Last weekend was pretty sweet. It kicked off Friday when my company had an Employee Appreciation Day that started with breakfast, then after working the
morning we had kind words from our CEO, some nice give-aways, all culminating in a catered BBQ lunch and the afternoon off. I debated what to do with my
bonus time off considering actual free time is such a rarity in my life. I knew I needed to get a haircut at some point over the weekend because it was
constantly getting in my eyes and driving me crazy. The lawn needed cutting. I could go to FNM several hours early and pick up some games of Commander. Was
there a movie I wanted to go see?
The answer to that question was a resounding yes-Mad Max: Fury Road had some really good buzz going into its release weekend, and I was a huge fan of the
original trilogy, especially The Road Warrior (Mad Max 2). By the trailers I’d seen, Fury Road had a lot of similarities to The Road Warrior story-wise,
but with a $150 million budget and 2015 SFX compared to $4.5 million and 1981 SFX. And I can say wow-the money and technological advances are fully
displayed front and center, making the film a true spectacle to watch.
I’d heard that the movie was a two hour chase scene, and that’s not far from the truth. There is some down time in the beginning setting up our world and
the inciting incident for the plot, a pause in the action about halfway through, and a short and relatively quiet denouement at the end to conclude our
adventure. Besides that though, we are strapped in for a perpetual furious ride on wildly modified motor vehicles traveling at breakneck speeds with actors
and stunt doubles doing battle and breathtaking stunts.
What really makes this movie so impressive though is that there’s actually story here. Somehow, amidst the engines’ roar, explosions, gun fire, and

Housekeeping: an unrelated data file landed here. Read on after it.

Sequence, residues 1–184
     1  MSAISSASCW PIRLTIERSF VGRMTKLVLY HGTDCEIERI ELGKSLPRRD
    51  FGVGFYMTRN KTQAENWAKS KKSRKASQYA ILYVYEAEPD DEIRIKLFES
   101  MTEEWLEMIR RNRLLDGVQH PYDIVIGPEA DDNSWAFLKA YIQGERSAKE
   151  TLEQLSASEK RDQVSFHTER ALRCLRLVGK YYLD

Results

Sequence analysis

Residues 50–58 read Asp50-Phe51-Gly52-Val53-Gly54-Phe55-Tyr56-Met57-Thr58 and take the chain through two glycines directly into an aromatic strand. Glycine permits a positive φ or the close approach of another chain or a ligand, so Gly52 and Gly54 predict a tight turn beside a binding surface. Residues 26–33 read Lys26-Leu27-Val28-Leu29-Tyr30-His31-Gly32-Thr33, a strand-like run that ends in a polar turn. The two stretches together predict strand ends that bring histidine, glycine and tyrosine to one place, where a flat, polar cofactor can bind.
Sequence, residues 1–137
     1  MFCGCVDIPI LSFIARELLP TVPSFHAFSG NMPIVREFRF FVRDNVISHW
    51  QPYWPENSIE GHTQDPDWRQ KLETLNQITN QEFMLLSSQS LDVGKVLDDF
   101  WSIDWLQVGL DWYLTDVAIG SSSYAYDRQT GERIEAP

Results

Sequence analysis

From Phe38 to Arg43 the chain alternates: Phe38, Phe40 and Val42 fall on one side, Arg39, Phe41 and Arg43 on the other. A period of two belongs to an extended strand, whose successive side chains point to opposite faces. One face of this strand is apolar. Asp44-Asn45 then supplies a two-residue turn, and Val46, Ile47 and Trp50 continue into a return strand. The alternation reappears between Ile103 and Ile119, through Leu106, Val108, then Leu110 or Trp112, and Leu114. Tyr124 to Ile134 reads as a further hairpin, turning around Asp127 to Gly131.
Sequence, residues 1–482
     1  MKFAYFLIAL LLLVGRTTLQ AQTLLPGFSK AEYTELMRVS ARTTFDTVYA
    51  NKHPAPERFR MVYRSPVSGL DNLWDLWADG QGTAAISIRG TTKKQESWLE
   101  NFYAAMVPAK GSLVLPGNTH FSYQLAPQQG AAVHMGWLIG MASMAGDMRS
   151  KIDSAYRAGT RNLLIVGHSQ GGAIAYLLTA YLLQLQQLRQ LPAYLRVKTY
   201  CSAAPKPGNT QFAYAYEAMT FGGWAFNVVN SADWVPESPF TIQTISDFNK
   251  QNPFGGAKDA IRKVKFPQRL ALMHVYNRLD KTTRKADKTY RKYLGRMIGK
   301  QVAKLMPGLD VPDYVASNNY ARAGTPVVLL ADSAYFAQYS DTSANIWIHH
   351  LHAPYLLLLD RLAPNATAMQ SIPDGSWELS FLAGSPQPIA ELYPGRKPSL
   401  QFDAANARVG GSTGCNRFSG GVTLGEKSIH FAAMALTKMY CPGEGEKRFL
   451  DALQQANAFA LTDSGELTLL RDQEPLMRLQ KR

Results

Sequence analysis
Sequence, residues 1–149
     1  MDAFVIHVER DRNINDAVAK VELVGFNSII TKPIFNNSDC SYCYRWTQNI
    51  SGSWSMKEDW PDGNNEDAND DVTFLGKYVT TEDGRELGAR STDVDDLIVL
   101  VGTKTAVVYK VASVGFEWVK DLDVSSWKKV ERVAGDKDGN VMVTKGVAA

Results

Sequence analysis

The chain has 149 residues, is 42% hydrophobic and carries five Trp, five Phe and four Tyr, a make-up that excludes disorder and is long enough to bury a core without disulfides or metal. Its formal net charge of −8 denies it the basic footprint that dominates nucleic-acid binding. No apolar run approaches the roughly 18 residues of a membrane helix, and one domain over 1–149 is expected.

hand-to-hand combat we get to know a lot of the characters involved, both heroes and villains, and we care about what happens to them. The characters and
their story draw us in and hook us, and so the visual and visceral spectacle of the film pounds us even further because we get so invested in what happens
next, and what happens next, and what happens next. Also there are actually a bunch of women characters that are more than just victims or objects. In
fact, it’s hard to argue that the actual protagonist hero of the movie isn’t the woman played by Charlize Theron rather than the titular Max. I’ve heard
this movie referred to as the “first feminist action blockbuster” and damned if that isn’t a great description for it, but mostly because it’s not
exploitative of women nor is it celebratory machismo. It’s about people wrapped up in a crazy, break-neck chase across a richly developed
So after getting blown away by one of the best action movies – best movies, really – I’ve seen in a while, I go get my haircut and babble and gush to my
barber how amazing the movie was. Not long after that I’m heading up to Collector’s Heaven for some Friday Night Magic, Standard-style.
Wheels Within Wheels
So what story have I been telling in Standard? I think the inciting incident was giving Villainous Wealth Devotion a try when Khans of Tarkir came
out. This was one of several brews I wanted to try out, and my expectation was to bounce from deck to deck until I found one that seemed really
competitive. Surprisingly, it turned out the first brew I tried was really good in a metagame that quickly coalesced around midrange strategies that
featured Siege Rhino or Sidisi, Brood Tyrant. When an opponent’s deck is chock full of good-stuff spells and I’m able to cast five or six of them off just
one of my cards, I won a lot of those games.
Eventually though, the metagame started shifting and my win percentages started dropping. “Kill every creature” strategies started cropping up, which is
punishing to what a Devotion deck is trying to do. I started itching to try something new, and the release of Dragons of Tarkir was the perfect
opportunity to throw in a major plot twist. The cards that really intrigued me were Dromoka’s Command, Deathmist Raptor, and eventually Den Protectors, so
after a few missteps I settled on the G/W Megamorph Mastery of the Unseen deck that carried me to the Top 8 at Virginia State Champs. I still held on to my
Devotion crutch with that deck though, but then I saw the rise of Esper Dragons, which inspired the Chapin/Flores Blue Dragons deck, and that deck inspired